In order to be eligible for patent protection in the United States, an invention must fall within the class of patentable subject matter In addition, the invention must also meet several requirements. First, it must be useful. (35 U.S.C section 101.) This requirement is generally not difficult for the inventor to satisfy as long as it can meet one of the invention’s stated objective. It does not have to be embodied in a commercial product although success in the marketplace is seen as establishing utility.
Second, the resulting product or process must be novel. This means that the invention as compared to what has gone before must be new. For the purposes of patent law, the universe of “what has gone before” is known as “prior art” and includes prior inventions, as well as patents, patent applications and publications that disclose prior inventions. The date of invention is complete when it is both conceived and reduced to practice. If the claimed invention is identical to subject matter disclosed or embodied in the prior art reference, the invention or a particular claim (the portion of the patent defining the invention) is “anticipated” and invalid for lack of novelty.
Third, the invention must be non-obvious. Unlike novelty, obviousness does not require that the claimed invention be identical to the prior art, rather the test for obviousness focuses on the differences between the claim and the prior art, and asks whether a “a person of ordinary skill in the art” at the time the invention was made might have come up with the invention. Further, while anticipation requires that all the elements of the claimed invention be found in a single prior art reference, obviousness can be based on the combination of more than one reference.
At present a patent is still awarded in the United States to the first to invent, not the first to file a claim as is true in almost all other countries. A major exception to this rule allows a later inventor a patent when the first inventor has “suppressed” or concealed the invention.
In order to obtain a patent the inventor must file an application with the United States Patent and Trademark Office for “examination.” The application must include a specification describing the invention in detail, drawings and claims. The specification must enable the practice of the invention and must disclose the inventor’s best mode for practicing the invention and the claims must be definite. The standards for granting a patent are quite rigorous and many applications are “rejected,” or are approved only after significant narrowing of the patent claims. The term of a patent is twenty years from the date the patent application was filed.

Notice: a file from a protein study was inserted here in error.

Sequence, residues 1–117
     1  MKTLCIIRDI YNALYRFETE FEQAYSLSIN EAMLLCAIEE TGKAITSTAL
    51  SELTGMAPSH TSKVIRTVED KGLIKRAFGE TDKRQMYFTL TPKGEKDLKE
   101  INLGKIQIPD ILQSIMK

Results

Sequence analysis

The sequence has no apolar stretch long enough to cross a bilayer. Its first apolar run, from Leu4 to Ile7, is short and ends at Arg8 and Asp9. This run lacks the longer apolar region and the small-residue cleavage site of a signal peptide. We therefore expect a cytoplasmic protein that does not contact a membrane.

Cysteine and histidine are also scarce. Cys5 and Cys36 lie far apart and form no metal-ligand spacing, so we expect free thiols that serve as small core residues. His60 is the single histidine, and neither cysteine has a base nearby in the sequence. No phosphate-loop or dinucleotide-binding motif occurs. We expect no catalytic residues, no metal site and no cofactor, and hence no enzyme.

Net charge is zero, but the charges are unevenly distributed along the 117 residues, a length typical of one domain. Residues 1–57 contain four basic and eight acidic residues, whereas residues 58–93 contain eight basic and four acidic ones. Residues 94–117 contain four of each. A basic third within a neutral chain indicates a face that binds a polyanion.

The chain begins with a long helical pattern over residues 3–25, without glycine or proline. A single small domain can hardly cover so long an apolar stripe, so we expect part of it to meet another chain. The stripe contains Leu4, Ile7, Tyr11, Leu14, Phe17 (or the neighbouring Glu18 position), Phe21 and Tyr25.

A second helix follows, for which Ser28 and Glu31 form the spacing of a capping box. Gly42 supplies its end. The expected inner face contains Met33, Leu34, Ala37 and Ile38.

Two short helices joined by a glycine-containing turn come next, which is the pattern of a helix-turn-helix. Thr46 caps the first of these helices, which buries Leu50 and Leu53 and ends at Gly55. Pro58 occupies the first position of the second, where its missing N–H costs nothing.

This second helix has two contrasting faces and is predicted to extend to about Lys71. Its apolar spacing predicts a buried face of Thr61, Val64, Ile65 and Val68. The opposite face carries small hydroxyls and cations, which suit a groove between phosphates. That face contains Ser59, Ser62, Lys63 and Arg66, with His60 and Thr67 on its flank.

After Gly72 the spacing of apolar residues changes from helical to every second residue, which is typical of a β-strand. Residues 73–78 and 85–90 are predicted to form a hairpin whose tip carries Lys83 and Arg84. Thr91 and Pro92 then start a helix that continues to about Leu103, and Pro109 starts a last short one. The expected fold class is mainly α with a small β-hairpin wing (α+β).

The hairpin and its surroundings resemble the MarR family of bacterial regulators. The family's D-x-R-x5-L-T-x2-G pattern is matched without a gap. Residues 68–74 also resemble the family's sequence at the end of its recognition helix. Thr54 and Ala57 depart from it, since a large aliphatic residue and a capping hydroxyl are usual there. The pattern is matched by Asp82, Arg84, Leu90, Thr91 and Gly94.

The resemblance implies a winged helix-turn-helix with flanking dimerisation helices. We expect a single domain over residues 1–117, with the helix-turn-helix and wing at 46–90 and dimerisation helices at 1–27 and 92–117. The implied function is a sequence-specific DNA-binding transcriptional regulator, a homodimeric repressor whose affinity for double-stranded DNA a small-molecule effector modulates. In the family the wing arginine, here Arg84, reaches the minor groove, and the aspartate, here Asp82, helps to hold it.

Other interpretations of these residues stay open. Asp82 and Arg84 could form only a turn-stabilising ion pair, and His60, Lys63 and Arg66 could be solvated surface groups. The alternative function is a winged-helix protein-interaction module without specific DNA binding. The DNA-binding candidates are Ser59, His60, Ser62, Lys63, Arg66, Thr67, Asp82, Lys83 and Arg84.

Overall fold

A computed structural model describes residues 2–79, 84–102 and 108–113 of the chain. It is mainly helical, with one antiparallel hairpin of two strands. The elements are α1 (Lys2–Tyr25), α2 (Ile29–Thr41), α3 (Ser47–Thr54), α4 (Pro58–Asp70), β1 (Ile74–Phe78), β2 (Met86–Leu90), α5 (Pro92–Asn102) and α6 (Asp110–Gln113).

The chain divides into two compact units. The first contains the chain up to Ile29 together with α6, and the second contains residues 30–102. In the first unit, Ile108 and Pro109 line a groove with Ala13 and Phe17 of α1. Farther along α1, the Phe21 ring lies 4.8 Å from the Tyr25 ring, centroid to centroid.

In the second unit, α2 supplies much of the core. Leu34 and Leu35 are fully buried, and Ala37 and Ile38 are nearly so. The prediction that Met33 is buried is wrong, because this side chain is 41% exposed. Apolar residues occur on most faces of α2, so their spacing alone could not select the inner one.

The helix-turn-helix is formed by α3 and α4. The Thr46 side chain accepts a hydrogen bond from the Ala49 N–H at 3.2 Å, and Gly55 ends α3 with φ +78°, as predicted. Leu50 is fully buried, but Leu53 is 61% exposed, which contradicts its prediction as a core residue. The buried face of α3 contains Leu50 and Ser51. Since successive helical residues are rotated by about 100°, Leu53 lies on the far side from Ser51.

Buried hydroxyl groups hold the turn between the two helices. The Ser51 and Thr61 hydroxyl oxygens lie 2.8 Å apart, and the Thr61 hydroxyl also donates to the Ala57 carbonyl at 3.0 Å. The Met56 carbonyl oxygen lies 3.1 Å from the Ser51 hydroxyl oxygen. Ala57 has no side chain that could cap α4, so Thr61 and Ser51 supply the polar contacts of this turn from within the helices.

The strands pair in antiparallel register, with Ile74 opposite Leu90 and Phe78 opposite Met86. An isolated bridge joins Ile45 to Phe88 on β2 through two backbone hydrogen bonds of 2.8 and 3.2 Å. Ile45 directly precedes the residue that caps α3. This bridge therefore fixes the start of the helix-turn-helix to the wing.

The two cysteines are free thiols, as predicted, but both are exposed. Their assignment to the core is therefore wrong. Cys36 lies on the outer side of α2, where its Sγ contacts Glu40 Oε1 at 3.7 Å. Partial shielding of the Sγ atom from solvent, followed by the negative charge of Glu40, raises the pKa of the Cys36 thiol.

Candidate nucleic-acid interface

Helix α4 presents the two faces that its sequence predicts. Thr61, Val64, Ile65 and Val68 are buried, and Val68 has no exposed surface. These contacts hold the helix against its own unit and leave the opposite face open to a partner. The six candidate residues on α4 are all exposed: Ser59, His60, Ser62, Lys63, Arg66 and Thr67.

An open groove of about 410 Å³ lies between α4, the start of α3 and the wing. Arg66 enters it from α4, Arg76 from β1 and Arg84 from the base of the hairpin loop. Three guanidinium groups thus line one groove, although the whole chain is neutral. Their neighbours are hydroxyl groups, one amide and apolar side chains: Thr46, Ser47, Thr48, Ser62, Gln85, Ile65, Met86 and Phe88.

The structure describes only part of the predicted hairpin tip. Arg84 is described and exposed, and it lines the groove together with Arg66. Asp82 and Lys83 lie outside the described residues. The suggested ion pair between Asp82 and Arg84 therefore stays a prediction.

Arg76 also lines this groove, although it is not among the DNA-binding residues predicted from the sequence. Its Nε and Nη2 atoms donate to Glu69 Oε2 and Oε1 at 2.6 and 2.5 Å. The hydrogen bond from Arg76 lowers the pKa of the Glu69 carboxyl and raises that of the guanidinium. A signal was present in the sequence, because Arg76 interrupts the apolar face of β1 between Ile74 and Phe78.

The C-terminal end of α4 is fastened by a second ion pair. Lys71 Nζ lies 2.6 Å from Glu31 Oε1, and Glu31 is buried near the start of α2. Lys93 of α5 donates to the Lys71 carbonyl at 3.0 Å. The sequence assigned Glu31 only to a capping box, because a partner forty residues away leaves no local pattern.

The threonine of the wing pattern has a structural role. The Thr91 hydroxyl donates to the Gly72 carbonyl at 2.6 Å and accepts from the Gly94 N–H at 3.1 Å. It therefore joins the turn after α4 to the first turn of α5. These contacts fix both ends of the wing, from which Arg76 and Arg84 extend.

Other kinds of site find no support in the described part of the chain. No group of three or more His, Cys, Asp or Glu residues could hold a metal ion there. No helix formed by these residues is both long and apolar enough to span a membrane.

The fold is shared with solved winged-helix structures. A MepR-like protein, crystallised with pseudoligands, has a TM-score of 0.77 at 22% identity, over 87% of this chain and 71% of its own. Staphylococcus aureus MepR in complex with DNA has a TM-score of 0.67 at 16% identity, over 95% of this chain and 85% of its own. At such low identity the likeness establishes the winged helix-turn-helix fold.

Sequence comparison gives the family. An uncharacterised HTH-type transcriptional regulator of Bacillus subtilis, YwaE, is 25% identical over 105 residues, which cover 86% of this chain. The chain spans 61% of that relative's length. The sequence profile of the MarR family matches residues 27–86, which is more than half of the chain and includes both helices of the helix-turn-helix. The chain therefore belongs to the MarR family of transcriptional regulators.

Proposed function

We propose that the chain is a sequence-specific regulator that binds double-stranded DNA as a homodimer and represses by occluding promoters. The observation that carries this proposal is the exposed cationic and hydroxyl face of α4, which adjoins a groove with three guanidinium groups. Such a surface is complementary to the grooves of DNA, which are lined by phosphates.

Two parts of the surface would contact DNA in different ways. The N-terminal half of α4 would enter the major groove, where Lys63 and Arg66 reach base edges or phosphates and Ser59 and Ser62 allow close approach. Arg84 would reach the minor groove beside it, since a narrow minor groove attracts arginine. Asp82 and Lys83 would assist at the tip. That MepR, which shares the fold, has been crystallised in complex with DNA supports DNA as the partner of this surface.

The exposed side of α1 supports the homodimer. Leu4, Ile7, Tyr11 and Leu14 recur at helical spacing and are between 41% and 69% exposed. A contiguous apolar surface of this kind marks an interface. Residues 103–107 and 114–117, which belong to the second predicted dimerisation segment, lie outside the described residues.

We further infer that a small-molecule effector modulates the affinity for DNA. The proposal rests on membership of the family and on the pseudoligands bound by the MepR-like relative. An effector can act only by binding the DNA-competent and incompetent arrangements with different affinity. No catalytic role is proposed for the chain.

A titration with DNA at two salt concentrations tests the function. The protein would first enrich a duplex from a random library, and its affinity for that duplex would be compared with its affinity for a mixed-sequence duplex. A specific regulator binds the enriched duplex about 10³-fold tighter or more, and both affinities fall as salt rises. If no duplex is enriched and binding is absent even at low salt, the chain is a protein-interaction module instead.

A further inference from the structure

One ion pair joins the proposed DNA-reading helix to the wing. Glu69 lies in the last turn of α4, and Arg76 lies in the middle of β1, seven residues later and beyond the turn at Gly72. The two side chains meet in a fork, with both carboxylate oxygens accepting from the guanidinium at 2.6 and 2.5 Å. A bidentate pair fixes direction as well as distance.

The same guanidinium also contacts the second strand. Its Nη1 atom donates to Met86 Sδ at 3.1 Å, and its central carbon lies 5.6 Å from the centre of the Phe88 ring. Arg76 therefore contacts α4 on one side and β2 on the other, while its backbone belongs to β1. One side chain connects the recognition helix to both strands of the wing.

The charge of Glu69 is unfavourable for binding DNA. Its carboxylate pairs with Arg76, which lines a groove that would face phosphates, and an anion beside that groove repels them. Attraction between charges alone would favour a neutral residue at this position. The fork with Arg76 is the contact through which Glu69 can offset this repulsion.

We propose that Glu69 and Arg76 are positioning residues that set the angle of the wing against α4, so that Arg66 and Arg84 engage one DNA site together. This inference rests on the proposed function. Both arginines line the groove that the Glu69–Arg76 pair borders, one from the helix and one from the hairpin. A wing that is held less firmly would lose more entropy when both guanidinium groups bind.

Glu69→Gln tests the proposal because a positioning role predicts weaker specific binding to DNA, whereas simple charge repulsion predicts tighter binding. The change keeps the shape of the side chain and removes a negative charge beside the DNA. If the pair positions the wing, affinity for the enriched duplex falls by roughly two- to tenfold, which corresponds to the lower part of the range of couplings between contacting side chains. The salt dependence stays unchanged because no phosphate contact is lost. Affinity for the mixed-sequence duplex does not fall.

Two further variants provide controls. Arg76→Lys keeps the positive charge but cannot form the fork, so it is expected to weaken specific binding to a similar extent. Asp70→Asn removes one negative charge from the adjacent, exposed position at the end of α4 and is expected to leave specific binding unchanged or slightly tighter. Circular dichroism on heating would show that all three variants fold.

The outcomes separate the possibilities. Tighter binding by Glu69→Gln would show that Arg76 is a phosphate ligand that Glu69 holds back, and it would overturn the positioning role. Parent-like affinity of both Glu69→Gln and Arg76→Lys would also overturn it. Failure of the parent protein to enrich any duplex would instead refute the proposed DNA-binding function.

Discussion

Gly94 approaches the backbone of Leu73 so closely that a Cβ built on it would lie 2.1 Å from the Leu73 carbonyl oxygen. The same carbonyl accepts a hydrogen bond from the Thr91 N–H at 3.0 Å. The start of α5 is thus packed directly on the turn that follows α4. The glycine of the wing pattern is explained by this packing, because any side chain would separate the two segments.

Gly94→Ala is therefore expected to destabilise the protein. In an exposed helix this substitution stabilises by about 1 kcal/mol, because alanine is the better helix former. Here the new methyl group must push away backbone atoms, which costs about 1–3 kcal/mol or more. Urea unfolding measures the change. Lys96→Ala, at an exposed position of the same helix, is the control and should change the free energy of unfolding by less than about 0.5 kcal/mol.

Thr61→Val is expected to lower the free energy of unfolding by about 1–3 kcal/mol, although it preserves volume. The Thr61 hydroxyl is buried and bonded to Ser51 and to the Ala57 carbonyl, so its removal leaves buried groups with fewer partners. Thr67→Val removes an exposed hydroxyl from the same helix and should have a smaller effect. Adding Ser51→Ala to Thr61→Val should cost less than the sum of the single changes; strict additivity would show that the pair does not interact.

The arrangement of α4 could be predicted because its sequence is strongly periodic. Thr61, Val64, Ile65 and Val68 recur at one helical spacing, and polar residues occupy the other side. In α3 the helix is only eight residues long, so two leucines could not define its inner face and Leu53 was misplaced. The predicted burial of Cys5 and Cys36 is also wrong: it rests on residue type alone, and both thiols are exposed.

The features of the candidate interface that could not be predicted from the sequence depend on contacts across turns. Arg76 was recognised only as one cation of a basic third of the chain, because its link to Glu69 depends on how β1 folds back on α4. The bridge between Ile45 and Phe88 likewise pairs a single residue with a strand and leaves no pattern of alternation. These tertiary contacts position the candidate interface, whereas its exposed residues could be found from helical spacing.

While the patent application process is ex parte and generally secret, upon issuance of the patent, the Patent Office publishes the invention so that the public may learn about the invention and can improve on it. The patent owner has the right to exclude others from making, using, offering to sell, selling or importing the patented invention in the United States during the period of enforceability of the patent. The patent owner gains no affirmative right — a patentee may infringe another patent by practicing the claimed invention. Remedies for infringement include an injunction against the infringer and damages for past infringement including the possibility of treble damages for willful infringement.
There are no federal criminal laws that cover patent infringement, perhaps reflecting the difficulty of proving that a person infringed a patent with the requisite mens rea for a criminal violation, given the possibility of independent creation and the arcane nature of the patent approval process conducted by the Patent Office.
Finally, even though it may take four, five or even six years for a patent to issue, a patent applicant only has very limited remedies against infringement during the application process.